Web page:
So there are these two groups... the "crowd" and the "city."  As I pondered these two groups I had to wonder... which group ended up gathered in front Pontius Pilate as Jesus stood there beaten and bloodied... which group shouted over and over again, "Crucify him!"?

Which group ultimately closed their hearts to him--wishing he were someone else?  Was it the "city?"  They seem a likely choice.  But could it have been... both?

Hold on to that thought...

The photo at the top of this blog post is of the Eastern Gate of Jerusalem, the site of the one that Jesus went through on that incredible day.  The gate in the photo was erected by Justinian, a Latin ruler of Jerusalem during the several centuries when Europeans held the Holy Land, but the original stood where it stands today.

The mere act of Jesus going through that particular gate was incredibly symbolic.  In the prophet Ezekiel we read this about the gate and the Messiah who is destined to use it...
1 Then the man brought me back to the outer gate of the sanctuary, the one facing east, and it was shut. 2 The Lord said to me, “This gate is to remain shut. It must not be opened; no one may enter through it. It is to remain shut because the Lord, the God of Israel, has entered through it. 3 The prince himself is the only one who may sit inside the gateway to eat in the presence of the Lord. He is to enter by way of the portico of the gateway and go out the same way.”
This gate was known by the Jews as "The Golden Gate" or "Gate Beautiful" due to it's ornate design, and prophetic import.  They believed it was where the Shekinah, the glory of God, would appear, and of course they believed that the Messiah would one day come through it to liberate God's chosen.

Early Christians believed that when Jesus returned in glory, he would once again pass through the Eastern Gate, and on that day, in the words of the Apostle Paul, "every knee shall bow and every tongue will confess that Jesus Christ is Lord."

If we flash forward several centuries, we discover that this gate was also extremely important in the Muslim tradition.  In Arabic it was called "The Gate of Eternal Life," and the Koran indicates that only the just will pass through this gate on the Day of Judgement.

The great Sultan, Suleiman the Magnificent sealed Justinian's gate to demonstrate his power and the power of Islam over both Jewish and Christian tradition.  A Muslim cemetary was built right in front of it in order to thwart Jewish prophecies about the Day of the Lord when Elijah the prophet would return as a herald to the Messiah and pass through the gate to the city.  Since Jewish rabbis were forbidden to touch anything dead, it was believed Elijah would not fulfill prophecy as a result.

All three of these religions have their own parade planned for that gate...  for their Messiah.  It's sealed shut until that time arrives.  Then and only then will it be opened.

And we are so much like the people who shouted, sang, danced and wondered on that incredible day when Jesus arrived in Jerusalem.  We get so caught up in planning the parade for the Messiah we want--we never open the gate to the Messiah we need. 

Jesus disciples abandoned him in the end.  The crowd dissipated.  The city turned ugly.  And all because he was not at all what they expected.  And nothing like what they wanted.  I happen to think there were members of both the "crowd" and the "city" shouting at Pilate to crucify Jesus.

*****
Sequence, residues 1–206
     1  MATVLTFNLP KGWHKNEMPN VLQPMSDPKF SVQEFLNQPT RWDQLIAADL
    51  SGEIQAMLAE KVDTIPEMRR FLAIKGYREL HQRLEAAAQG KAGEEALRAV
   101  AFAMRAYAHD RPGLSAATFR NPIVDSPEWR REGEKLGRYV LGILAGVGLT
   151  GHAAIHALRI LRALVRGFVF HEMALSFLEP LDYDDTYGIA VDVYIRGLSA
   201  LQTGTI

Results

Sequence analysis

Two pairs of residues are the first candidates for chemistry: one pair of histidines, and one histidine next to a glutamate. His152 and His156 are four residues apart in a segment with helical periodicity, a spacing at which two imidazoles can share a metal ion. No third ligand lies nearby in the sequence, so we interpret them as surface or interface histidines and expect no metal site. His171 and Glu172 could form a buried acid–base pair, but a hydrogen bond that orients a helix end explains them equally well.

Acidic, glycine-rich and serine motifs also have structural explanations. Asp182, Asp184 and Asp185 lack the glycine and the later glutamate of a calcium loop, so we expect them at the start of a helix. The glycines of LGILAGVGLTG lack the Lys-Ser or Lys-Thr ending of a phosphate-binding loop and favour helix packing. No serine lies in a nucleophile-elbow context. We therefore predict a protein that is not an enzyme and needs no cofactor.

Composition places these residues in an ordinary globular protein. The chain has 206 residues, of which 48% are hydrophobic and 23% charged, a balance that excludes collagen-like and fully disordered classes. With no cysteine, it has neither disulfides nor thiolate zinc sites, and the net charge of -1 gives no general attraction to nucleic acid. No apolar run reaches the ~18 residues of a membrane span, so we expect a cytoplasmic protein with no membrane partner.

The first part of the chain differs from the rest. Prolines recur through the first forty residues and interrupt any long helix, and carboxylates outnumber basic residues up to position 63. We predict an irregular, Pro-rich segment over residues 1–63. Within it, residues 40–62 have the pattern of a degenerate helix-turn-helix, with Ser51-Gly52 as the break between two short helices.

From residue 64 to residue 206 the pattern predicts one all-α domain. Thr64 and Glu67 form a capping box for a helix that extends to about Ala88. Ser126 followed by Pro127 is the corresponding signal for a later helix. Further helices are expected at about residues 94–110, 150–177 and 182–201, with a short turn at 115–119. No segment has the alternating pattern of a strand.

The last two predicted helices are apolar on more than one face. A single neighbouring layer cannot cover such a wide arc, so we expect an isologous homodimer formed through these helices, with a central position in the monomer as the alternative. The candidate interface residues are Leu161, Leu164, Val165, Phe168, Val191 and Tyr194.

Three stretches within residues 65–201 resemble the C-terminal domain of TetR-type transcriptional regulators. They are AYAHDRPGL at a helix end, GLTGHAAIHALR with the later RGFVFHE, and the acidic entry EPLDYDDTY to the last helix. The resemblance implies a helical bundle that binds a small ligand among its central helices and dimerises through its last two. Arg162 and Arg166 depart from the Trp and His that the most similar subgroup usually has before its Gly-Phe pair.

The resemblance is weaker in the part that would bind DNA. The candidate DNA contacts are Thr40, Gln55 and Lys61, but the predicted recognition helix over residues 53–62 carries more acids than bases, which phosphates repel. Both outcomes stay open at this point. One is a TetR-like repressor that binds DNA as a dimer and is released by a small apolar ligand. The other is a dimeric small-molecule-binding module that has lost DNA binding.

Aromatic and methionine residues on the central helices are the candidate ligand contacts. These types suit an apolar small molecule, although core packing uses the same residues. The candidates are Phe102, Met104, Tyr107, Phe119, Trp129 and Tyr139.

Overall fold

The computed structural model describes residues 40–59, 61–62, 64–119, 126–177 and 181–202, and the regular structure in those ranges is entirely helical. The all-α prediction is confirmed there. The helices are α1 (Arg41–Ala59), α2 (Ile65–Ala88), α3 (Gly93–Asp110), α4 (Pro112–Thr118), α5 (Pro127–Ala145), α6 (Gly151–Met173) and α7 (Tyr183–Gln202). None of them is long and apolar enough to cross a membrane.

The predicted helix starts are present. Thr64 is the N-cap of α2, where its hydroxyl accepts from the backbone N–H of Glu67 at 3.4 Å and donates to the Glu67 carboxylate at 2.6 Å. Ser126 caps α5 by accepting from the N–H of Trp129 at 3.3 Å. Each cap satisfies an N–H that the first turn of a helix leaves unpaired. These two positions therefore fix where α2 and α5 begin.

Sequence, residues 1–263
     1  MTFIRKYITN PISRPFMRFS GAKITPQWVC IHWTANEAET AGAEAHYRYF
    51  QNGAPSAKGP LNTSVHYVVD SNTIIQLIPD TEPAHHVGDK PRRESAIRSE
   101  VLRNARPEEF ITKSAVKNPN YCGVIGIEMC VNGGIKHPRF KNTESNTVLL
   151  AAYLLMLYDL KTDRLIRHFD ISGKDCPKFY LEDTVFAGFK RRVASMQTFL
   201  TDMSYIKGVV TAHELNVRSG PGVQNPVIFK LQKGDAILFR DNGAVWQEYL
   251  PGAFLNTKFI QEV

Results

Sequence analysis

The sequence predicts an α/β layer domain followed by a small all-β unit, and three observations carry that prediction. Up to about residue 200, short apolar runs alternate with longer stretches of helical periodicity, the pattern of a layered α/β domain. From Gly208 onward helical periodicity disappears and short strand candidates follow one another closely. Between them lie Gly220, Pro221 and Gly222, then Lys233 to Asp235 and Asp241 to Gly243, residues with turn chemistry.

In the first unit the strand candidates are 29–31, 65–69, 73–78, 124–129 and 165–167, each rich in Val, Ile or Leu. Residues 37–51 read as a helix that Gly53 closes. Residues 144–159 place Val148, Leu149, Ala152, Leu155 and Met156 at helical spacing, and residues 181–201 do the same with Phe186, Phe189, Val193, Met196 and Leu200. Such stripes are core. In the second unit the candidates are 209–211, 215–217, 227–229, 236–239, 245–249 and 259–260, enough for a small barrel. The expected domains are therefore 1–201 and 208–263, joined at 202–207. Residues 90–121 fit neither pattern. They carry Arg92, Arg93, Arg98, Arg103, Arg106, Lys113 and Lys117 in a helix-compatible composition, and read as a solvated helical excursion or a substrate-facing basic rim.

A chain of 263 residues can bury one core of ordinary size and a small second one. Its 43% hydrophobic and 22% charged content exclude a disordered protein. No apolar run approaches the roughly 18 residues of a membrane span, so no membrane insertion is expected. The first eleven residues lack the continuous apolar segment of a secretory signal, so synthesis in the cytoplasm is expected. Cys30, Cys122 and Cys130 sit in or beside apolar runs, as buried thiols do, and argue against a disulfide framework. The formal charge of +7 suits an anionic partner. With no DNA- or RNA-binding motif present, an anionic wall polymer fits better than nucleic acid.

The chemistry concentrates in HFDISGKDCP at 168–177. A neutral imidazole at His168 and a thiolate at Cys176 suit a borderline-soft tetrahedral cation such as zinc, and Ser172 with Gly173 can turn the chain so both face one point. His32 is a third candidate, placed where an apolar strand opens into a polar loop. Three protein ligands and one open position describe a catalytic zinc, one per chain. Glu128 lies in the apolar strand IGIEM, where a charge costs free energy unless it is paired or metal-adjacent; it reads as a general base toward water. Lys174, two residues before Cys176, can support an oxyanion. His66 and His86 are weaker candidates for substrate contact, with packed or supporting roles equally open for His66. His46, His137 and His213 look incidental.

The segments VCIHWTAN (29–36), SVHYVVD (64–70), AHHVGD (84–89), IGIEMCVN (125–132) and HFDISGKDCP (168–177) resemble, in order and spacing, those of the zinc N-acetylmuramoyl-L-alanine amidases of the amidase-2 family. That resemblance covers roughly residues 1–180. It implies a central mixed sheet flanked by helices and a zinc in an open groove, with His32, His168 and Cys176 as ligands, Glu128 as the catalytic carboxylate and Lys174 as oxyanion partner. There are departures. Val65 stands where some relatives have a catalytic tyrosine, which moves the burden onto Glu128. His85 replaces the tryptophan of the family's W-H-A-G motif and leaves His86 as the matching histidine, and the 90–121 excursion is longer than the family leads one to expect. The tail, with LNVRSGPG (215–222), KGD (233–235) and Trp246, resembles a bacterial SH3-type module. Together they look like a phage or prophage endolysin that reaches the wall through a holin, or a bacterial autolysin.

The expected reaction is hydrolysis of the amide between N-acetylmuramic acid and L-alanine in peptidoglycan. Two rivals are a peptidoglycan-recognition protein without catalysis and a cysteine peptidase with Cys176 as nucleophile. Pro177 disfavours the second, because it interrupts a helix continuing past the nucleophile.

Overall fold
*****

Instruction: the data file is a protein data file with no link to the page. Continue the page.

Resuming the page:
Their hearts were sealed shut against any Messiah except the one they desired. And they didn't open them to the One they needed.

Years ago I met with a woman in the hospital who had been given the terrible news that the cancer invading her body was inoperable.  She had weeks to live. As I talked to her, she revealed that she had gone to church "her whole life," and considered herself a Christian, but had lately been wondering if she had done something wrong, and God was punishing her.

She then went on to tell me about her incredibly hard life--how she had been abandoned at an orphanage as a child, and then abandoned by her former husband, who was in the Navy when they were young and would leave her for months at a time.  Her current husband and daughter had grown exhausted caring for her and had begun talking to her about moving her to an assisted living facility.

It occurred to me that all of these stories connected to her feelings about God, and her expectations about what it meant to be a Christian.  I asked her, "Do you feel like God has abandoned you?"  Tears filled her eyes and she nodded.  I told her that she and Jesus had something in common---that on the Cross he had felt the same way.  I told her that God had always wanted her, always chosen her, and had always loved her more than she could ever know.  "There is nothing you can do to separate yourself from the love of God," I told her.  Jesus took care of that.  Jesus, the Messiah--her Messiah.

"Do you believe this?" I asked her gently.  She told me that she did with tears streaming down her face.  "Listen to me," I said to her. "God hasn't abandoned you. He is waiting for you with open arms and is more than ready to let you know--"Well done, good and faithful servant, enter into the joy of the Lord.'"

This woman had spent her entire life knowing about Jesu, but had never really opened her heart to him---never really experienced the peace that comes from knowing that because of Jesus we don't ever have to be afraid again.

Is the gate of your heart sealed today?  Maybe you've been waiting to open it for the Messiah that you think you want... Beloved, unseal your heart.  Open the gate.  Don't miss the Messiah you need because you are waiting on the one you want.  Learn the lesson that is so beautifully taught in this great story...

Knowing about Jesus isn't the same as opening your heart to Him.